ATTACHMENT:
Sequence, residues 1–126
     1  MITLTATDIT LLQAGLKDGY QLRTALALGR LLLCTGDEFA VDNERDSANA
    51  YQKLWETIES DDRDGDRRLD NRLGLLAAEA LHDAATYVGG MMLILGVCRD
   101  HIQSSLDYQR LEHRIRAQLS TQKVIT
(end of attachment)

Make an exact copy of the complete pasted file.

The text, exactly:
Sequence, residues 1–126
     1  MITLTATDIT LLQAGLKDGY QLRTALALGR LLLCTGDEFA VDNERDSANA
    51  YQKLWETIES DDRDGDRRLD NRLGLLAAEA LHDAATYVGG MMLILGVCRD
   101  HIQSSLDYQR LEHRIRAQLS TQKVIT